going to work,' " Sullivan says. "He says, 'You're going to have to do
something else,' and that's when Buddy said, 'Jerry, why don't you try
paradiddles? It'll give us a four-four beat. We'll speed it up a little
A paradiddle is a basic practice pattern for a drummer;
it involves rapid strokes, which create a rolling sound. Allison agreed
to the modified rhythm, and suggested one more change. "I had a girlfriend
at the time named Peggy Sue, so I talked him into changing it to 'Peggy
Sue,' and then we finished it with a different feel," Allison says. "You
know, like the straight 8s, kind of, 'If you knew / Peggy Sue.' " The result
creates a relentless rhythm that keeps rolling at the listener. Petty accentuated
that effect by playing with the reverb.
A Sense Of Joy
"They kind of used the studio in the '50s the way people
like The Beatles started to use it in the '60s," guitarist Marshall Crenshaw
says, "which was a sort of combination laboratory and playground." Crenshaw,
who was 4 when he first heard Buddy Holly, says he was hooked by the energy
in the music. "There's a real sense of joy in almost everything that he
ever recorded," Crenshaw says. "And everything about those records appealed
to me when I was a kid, the way he played the guitar. You know, he'd just
make the whole thing ring, you know, and it just sounded very celebratory
and just made me really happy and excited."
But for all the guitar technique, all the percussive experiments
and Holly's unique hiccup style of singing, Allison says there wasn't any
master plan to be on the cutting edge of anything. "Nah, we just hoped
somebody would buy our records so we could go on the road and play," he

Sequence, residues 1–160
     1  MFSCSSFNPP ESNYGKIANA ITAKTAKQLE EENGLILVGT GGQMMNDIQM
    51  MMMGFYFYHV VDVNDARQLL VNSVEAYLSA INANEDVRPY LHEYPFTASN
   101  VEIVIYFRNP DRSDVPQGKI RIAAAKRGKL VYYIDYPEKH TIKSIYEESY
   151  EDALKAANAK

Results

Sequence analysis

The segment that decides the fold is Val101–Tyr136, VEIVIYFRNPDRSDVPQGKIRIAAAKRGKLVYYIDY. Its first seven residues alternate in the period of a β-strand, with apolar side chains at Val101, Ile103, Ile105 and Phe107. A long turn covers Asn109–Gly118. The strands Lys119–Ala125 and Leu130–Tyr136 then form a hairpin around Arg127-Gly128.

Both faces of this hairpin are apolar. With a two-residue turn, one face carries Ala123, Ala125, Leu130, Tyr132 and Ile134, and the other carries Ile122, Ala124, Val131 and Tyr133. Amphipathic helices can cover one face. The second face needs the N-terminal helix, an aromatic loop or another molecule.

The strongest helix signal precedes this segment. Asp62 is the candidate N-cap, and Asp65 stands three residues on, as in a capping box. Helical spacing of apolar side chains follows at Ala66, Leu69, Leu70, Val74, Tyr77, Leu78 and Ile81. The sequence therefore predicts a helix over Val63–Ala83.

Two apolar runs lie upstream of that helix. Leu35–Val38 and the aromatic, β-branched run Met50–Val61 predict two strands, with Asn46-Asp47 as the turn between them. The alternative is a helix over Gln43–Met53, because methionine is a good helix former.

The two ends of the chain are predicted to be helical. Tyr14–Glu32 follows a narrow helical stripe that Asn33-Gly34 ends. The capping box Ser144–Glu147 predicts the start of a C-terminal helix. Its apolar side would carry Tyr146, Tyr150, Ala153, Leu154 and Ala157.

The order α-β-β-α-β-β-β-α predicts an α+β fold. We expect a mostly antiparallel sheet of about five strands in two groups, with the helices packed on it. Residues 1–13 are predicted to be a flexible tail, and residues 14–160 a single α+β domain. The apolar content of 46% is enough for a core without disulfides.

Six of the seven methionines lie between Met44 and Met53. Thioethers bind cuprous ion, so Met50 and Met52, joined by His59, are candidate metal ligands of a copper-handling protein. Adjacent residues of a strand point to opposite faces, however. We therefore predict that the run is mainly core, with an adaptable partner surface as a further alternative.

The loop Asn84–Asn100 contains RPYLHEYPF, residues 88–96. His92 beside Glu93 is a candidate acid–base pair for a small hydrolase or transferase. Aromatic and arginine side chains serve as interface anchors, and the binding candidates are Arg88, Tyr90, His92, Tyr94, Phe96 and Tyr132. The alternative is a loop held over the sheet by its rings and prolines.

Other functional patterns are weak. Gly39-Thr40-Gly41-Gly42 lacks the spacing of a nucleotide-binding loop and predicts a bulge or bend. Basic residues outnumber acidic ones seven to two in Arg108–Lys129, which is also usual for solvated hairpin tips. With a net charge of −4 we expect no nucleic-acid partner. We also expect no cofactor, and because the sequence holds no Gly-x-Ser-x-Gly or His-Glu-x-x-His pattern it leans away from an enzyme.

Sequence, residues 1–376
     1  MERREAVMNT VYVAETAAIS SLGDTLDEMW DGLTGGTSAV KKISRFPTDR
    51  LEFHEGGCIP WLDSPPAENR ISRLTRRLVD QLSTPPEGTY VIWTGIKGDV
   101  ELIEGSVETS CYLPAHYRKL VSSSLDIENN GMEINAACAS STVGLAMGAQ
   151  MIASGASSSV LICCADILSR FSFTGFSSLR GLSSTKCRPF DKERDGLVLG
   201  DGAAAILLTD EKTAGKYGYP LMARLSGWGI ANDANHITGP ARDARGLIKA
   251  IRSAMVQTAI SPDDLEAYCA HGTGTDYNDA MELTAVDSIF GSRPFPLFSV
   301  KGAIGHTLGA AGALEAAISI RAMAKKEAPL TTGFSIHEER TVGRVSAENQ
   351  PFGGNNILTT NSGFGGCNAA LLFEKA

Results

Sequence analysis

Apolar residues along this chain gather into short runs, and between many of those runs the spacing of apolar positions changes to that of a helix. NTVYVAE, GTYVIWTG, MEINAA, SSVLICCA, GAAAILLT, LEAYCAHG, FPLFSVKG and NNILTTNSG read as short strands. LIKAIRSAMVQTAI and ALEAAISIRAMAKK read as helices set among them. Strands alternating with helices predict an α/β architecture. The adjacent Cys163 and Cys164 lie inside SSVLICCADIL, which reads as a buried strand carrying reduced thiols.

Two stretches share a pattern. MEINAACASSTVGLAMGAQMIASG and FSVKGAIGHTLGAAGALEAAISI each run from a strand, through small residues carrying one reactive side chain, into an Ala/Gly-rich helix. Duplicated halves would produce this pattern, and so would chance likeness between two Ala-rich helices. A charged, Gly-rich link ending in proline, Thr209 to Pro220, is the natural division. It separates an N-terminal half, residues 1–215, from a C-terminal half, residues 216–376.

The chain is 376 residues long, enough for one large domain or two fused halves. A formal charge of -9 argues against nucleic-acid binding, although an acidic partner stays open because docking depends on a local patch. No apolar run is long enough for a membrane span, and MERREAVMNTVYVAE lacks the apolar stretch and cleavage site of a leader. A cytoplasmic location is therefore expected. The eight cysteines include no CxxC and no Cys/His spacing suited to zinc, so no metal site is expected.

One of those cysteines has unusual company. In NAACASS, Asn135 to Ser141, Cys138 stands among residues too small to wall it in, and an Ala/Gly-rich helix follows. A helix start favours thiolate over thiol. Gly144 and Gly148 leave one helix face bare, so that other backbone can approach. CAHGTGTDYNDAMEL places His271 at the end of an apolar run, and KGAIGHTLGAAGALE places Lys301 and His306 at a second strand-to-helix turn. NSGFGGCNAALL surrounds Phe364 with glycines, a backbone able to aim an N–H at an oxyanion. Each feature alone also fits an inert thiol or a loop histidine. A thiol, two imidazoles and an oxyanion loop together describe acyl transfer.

On The Road With Peggy Sue
When they took "Peggy Sue" on the road, Sullivan says
the reaction was electrifying. "We were in Idaho. Of all places to break
a song was in Idaho. Those kids jumped up and went crazy with 'Peggy Sue,'
and we don't still know — I mean, the ones of us remaining still wouldn't
be able to tell you if it was the song or it was the combination of songs,
or kids just needed an outlet. But whatever it did, it worked."
And not because of the lyrics, either. "When you listen
to that song," Allison says, "tell me what in the world — why anybody would
buy a song with those lyrics. But it's the interpretation that comes across
and that driving rock, and it just bites you, you know?"
Since its release, the song has sold more than 5 million
copies. But Buddy Holly had no idea just how long the music that he helped
create would last, and it seems he didn't really think it should, as revealed
in a 1957 interview with Canadian disc jockey Red Robinson.
Red Robinson: What do you think about rock 'n'
roll music? How long do you think it will last: another six months, seven
Buddy Holly: Oh, possibly, yeah.
Robinson: Think after Christmas things may change a bit,
Holly: It might pick back up, but I really doubt it.
I'd prefer singing something a little more quieter anyhow.
Holly historian Griggs to be inducted into
West Texas Walk of Fame
Bill Griggs, internationally respected Buddy Holly
and rock ’n’ roll historian,
will be inducted into the West Texas Walk of Fame
at 6:30 p.m. today.
Online ~ July 30, 2010
Buddy Holly Story” is not William Frederick “Bill” Griggs’ favorite movie.
In fact, that 1978 movie would not stand a chance even if the filmmakers
responsible had gotten their facts straight. Instead, the sentimental Griggs
remains particularly fond of “It’s a Wonderful Life.” Now being treated
for stage-4 cancer, Griggs, 69, maintains an extremely positive attitude,
yet mentions more than once that he, too, has enjoyed a wonderful life.
He said physicians give him “nine months to a year — or who knows, maybe
longer (to live).”
Griggs, respected internationally as a music historian,
will be inducted at 6:30 p.m. today into the West Texas Walk of Fame. His
name will be placed on a plaque near a statue of Buddy Holly, the man whose
life Griggs spent years researching. “I can claim good friends in 34 different
countries,” he said. “My life has been wonderful.”
Cachet envelopes commemorating today’s induction also
will be sold; proceeds benefit the South Plains Stamp Club. It was only
a year after Holly’s statue was unveiled that Griggs moved from Connecticut
to Lubbock. Griggs would later say, “Buddy was gone by then. But everyone
else was still here. So I got here as quick as I could.”